Avatar: An Institutional Analysis
The movie Avatar is a thrilling film about an ex-marine entering an alien planet called Pandora. A mineral resource company settles a base there and is mining a mineral called “unobtanium” which is said to go for 20 billion a kilo (Cameron 2009). Their only obstacle is that the indigenous population, the Na’vi, which has its main settlement on top of the largest deposits of the mineral. The company sends the main character, Jake Sully, into the native population to find out all the details of these native peoples and report them back to headquarters. He begins his mission learning about this fascinating diverse culture and slowly becomes one of them. This movie analyzed from an institutional framework reveals a critique of the motives of institutions and puts more value on the influence of an individual than on institutions (Cameron 2009).
Jake Sully enters the planet because his twin brother died and he has to take over the expensive DNA based avatar of his dead brother. The leader of the scientific community doubts Sully because he has no understanding of the world of Pandora. She sees him as a trigger happy ex-marine who will only be a liability for the program, because of his ignorance of the indigenous population. However, the head of security (who serves as the face of the military institution) sees Sully as a piece in their chess game who they need to develop strategy against their enemy, the indigenous population. The head of the company (another main institution) treats Sully as a useful resource that can bring them wealth with less backlash from investors because of ill treatment of the native population. Even the indigenous population is doubtful of Sully, they do not trust him and only accept him begrudgingly with the blessing of Eywa (their deity). The mistakes of the different institutions lead them into the conflict that results in loss for everyone (Cameron 2009).
The film also gives insight to the main problems with the institutions. The institutions do not communicate or cooperate because they do not respect the powers of the other. The military institution thinks it has full control because of it’s physical power, while the scientific institution sees that physical power as only destructive. However, these institutional problems are fixed within the individual. In Sully, his military past and his new scientific involvement blend together and become his multifaceted life experience. The blending of experiences gives Sully a necessary ability to approach the issue with an understanding of the needs and desires of all the groups. He tries to work with the military, the scientists, the corporation and the indigenous to find a solution that works for everyone. However, the different institutions completely ignore the fact that Sully is an individual and is not limited to one role. Each of the institutions see him as their own chess piece who can only work for them. By ignoring the power of the individual, they ignore the opportunity Sully represents and find more reason to resort to conflict instead of diplomacy (Cameron 2009).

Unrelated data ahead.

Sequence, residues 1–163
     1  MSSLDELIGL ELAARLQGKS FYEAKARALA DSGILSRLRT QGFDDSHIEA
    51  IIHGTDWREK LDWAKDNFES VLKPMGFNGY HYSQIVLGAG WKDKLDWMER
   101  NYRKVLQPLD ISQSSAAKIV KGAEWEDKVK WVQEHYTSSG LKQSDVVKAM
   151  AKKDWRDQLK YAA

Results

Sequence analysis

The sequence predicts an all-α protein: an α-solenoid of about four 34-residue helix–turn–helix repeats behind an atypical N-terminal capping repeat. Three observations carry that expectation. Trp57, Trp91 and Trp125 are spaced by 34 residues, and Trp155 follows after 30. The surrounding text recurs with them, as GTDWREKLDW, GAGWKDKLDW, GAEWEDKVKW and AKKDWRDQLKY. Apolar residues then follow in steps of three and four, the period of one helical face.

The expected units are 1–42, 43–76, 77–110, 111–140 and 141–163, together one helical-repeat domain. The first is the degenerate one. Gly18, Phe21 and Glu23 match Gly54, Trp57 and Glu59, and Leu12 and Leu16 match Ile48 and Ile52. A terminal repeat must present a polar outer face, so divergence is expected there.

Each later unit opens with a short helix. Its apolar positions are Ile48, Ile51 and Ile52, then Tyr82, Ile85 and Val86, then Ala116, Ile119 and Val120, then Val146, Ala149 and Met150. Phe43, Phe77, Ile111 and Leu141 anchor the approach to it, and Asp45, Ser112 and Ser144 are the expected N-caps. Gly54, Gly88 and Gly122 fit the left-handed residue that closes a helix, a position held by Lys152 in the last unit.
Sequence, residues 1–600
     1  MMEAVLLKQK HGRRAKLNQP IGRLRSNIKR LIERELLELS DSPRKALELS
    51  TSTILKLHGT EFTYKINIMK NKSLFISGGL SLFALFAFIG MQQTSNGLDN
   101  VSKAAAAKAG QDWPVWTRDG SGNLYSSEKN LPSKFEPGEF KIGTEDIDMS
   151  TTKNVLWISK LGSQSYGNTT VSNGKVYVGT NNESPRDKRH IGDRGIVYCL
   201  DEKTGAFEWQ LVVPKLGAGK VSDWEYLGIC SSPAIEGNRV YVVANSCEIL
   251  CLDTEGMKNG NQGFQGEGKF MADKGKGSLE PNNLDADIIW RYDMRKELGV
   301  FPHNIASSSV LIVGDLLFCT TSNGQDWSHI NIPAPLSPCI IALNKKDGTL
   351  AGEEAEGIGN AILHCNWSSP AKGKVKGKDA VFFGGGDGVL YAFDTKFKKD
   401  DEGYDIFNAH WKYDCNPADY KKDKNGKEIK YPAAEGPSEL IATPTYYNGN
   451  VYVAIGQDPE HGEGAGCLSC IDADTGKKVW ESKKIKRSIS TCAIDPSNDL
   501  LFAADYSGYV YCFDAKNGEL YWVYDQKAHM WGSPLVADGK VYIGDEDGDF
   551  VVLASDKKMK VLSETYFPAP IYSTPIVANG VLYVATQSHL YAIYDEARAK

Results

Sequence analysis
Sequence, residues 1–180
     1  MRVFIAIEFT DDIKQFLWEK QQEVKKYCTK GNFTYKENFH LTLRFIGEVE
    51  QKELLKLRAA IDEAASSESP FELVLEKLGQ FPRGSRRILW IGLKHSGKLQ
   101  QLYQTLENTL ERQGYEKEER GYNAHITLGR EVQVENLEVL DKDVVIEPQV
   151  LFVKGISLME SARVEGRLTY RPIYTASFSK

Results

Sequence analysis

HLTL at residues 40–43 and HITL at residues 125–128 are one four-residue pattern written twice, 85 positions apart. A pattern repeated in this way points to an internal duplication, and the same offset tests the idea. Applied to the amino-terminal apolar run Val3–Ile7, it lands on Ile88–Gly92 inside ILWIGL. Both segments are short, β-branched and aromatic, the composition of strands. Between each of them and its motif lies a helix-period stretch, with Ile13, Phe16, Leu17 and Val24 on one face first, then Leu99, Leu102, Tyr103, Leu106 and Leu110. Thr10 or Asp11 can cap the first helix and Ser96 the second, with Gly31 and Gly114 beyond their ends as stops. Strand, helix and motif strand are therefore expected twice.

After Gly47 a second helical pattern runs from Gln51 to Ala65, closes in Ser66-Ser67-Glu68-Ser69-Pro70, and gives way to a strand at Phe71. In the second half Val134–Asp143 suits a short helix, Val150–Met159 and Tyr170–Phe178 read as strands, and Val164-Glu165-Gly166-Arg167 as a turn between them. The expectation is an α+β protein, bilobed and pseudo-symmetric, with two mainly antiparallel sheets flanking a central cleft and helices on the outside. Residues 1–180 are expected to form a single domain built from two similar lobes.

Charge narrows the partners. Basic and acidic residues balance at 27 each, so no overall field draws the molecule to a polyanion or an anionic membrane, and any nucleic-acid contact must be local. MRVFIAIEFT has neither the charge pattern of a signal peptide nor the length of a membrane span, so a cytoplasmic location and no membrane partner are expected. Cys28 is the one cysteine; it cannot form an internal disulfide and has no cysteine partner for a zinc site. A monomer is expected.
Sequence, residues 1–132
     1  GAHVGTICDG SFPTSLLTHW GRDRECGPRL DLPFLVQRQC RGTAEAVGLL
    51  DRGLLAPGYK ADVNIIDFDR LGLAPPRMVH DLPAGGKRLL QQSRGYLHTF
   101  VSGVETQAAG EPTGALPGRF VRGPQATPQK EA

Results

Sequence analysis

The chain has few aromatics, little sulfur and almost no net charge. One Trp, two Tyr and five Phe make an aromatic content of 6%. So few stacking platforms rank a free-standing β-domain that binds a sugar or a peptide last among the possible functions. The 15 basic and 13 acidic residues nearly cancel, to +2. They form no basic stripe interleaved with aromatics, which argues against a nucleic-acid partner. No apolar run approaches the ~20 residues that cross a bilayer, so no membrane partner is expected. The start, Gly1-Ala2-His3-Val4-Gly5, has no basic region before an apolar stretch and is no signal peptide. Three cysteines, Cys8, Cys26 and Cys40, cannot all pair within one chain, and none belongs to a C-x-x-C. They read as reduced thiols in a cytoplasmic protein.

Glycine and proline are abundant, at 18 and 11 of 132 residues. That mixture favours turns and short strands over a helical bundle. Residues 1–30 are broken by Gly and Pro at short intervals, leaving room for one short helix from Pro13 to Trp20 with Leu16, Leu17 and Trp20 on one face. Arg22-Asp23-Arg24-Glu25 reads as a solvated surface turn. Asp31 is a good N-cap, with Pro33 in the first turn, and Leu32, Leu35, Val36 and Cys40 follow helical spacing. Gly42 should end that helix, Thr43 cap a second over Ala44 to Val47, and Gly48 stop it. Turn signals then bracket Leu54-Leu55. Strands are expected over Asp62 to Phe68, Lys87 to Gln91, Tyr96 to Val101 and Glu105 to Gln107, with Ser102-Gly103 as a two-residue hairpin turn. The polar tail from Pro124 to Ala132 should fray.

As the military and corporate institutions reach the decision that they must fight the Na’vi, Sully voices his disapproval of the institutions blatant ignorance of the consequences of the destruction of the indigenous people. When Sully decides to take a stand with the Na’vi against the institutions, it is symbolic that the face of the scientific institution dies. Her death makes the statement that science can not have a role in the world of war because the emotions that lead for people to put their lives in peril aren’t scientific or measurable. Sully as a free individual is the only unit left that can make a difference in the conflict. The results of the ending bring attention to the failure of institutions because not only has the scientific institution failed, but the military institution fails despite its advanced technological warfare. The company fails because it attempts to make a profit off of the destruction of another cultures values. The indigenous also have lost significantly, and only managed to not be completely destroyed (Cameron 2009).
In the end, Sully does not even fully win, he almost dies and has an uncertain future on a foreign planet. Although the movie clearly critiques the way institutions function, there is an image of hope with the ending. The ending leaves the Na’vi to rebuild their institutions for the better and the human institutions return to earth, having learned a lesson on not respecting other cultures. The movie also has an uncanny resemblance to many events that are happening right now. The movie makes its own commentary on real world institutions while warning of the possible consequences if the real world follows the same path as the institutions of the movie. It seems to be calling for action from individuals in order to make a difference because institutions can not be trusted to make the best calls for everyone (Cameron 2009).